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Infinity-Winter
December 2014

From Mary's Desk

December is upon us and for those of us in the nonprofit world, it is often the very busiest time of year. Year-end giving is in full swing and that means we're hard at work processing donations, helping donors with planned gifts and getting prepared for another cycle of scholarships for deserving Montana students.

 

We know you have probably heard it, but it truly can't be said enough. December 31st will be here in just a few weeks, but there is still time to make a big difference for philanthropy in Montana and give yourself a gift too by saving on your taxes. Remember, donations must be postmarked by December 31st, 2014 in order to be included as a charitable deduction this year. Also remember transfers of stock and other non-cash gifts can take a week or more to process. If you have questions or need assistance with your charitable giving, please let us know - we're here to help.

 

From all of us at the Montana Community Foundation, we hope you have a wonderful holiday season and spectacular New Year. We'll see you in 2015! 

 

Sincerely,

  

Mary  

Mary K. Rutherford, MA, CFRE

President & Chief Executive Officer


Sell the Tree, Keep the Apples

Sometimes the very best way to illustrate a concept is with a good analogy. Peggy Iba from the Greater Glendive Community Foundation came up with one of the best one's we've ever heard when discussing annuities and planned giving. Here's what she had to say:

 

"This was so beneficial for us personally last year. We saved $1,816 in Montana state income tax from my selling 20 shares of a stock I bought in 2001 for $13 a share. My mom did a charitable gift annuity planned gift and gets 5% back each year. It's like selling the apple tree to the community, but you get the apples each year until you die. The Greater Glendive Foundation benefited from the gifts and a 25% incentive match from the Montana Community Foundation."

 

*This is not intended as legal or tax advice. For such advice, please consult an attorney or tax advisor.

Peggy Iba from the Greater Glendive Community Foundation learned how to sell the tree, but keep the apples.
10 Questions for the Board - Kelly Bruggeman

Just who are these wonderful folks that give so much back to Montana through their work with MCF and beyond? Let's find out!

 

1. Where are you from originally?

I was born in Anaconda, grew up in California, returned to Billings and have been in Montana all of my adult life.

 

2. What's your "real" job outside the foundation?

I have the great pleasure of being the executive director of First Interstate BancSystem Foundation. My career with First Interstate BancSystem began in 1980 and I have been with the Foundation since it started in 1990. The Foundation will be celebrating its 25th anniversary in 2015 and I feel very privileged to have been part of it all of those years.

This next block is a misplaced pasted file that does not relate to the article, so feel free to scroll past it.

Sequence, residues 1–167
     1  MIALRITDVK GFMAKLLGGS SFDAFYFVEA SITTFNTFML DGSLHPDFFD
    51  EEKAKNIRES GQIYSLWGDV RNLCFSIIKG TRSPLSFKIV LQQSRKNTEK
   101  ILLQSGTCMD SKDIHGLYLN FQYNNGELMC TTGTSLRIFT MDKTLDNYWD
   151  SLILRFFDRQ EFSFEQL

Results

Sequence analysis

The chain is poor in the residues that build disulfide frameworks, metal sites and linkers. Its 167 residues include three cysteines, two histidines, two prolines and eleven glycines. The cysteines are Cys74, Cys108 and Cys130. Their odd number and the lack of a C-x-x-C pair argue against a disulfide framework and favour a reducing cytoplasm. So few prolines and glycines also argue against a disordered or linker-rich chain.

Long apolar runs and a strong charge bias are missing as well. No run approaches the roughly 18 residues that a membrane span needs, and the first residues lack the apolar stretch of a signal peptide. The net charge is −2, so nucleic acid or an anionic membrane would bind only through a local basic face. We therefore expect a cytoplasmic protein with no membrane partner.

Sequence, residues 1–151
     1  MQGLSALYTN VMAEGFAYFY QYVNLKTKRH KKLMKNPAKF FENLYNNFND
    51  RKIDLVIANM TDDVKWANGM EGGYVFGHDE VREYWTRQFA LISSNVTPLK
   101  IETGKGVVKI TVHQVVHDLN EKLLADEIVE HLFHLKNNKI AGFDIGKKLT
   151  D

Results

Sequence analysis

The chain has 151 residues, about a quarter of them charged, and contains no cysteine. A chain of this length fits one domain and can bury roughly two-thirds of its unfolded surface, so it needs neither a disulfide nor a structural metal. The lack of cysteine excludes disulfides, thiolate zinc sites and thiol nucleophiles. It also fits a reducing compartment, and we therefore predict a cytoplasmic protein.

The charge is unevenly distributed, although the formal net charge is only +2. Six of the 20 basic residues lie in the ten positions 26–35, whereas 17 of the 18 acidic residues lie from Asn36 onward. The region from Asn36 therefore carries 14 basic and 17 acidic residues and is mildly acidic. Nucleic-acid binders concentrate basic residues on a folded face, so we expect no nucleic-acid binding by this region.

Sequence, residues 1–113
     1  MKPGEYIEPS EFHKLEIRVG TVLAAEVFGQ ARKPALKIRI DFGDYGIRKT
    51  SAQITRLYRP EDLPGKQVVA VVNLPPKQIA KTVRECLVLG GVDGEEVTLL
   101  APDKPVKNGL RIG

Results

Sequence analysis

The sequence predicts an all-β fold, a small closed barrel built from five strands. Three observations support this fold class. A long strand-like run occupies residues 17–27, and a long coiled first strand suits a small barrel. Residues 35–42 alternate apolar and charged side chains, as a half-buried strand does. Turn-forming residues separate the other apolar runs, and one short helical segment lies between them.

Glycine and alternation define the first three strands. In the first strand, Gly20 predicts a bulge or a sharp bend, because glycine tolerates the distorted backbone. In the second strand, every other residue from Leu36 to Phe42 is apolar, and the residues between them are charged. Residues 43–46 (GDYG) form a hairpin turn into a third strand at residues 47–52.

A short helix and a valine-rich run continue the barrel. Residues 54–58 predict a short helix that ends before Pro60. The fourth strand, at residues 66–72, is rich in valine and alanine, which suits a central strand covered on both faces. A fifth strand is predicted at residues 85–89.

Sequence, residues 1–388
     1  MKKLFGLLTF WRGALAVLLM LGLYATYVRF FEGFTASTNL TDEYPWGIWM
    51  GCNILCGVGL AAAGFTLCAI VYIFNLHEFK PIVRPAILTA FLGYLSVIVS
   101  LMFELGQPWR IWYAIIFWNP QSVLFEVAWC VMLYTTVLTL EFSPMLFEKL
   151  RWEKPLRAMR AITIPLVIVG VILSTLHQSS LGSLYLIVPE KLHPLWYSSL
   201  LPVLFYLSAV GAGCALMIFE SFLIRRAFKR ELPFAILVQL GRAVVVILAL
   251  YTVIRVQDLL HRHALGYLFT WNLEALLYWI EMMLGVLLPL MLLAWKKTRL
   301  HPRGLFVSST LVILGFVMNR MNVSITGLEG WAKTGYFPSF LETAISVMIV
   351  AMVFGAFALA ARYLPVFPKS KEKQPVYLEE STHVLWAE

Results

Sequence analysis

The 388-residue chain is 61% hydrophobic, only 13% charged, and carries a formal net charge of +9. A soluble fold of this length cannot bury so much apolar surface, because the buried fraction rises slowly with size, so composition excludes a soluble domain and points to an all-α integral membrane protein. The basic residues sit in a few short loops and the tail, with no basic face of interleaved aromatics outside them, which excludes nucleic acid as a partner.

Kelly Bruggeman is a new MCF
board member.
3. What's your favorite hobby/what do you do with your free time?
I love to read, cook, walk the dogs (I refer to them as my boys) and in the spring and summer gardening is my passion.

4. If you had to choose a different profession, what would it be and why?

Owning a bed and breakfast. My sisters and I have always dreamed of running a B & B together using our individual talents to provide a unique experience for families in a beautiful mountain community.

 

5. What's something not very many people know about you?

I am a Food Network addict. I love to cook and I am always trying out new recipes on family and friends. 

 

6. What are three things you can't live without?

My family, my pets, and satellite radio which is a must when traveling across MT, WY, and SD.

 

7. How did you first get involved in the nonprofit sector?

Through my career at First Interstate Bank and Foundation. I have had the great fortune of spending my entire career with a Family and company that has a commitment of giving back to the communities it operates in.

 

8. If there was one thing you wanted people to know about MCF, what would it be?

That MCF is a vital part of Montana's philanthropic sector and has a talented team with the expertise to continue the vision that began in 1988.

 

9. What's your favorite place in Montana?

Whitefish, it offers everything you could ask for in a get-away location. Our family has wonderful memories of multiple generations spending time together doing everything from golfing to playing pool and dancing in the local bars.

 

10. What's your favorite thing about Montana/Montanans?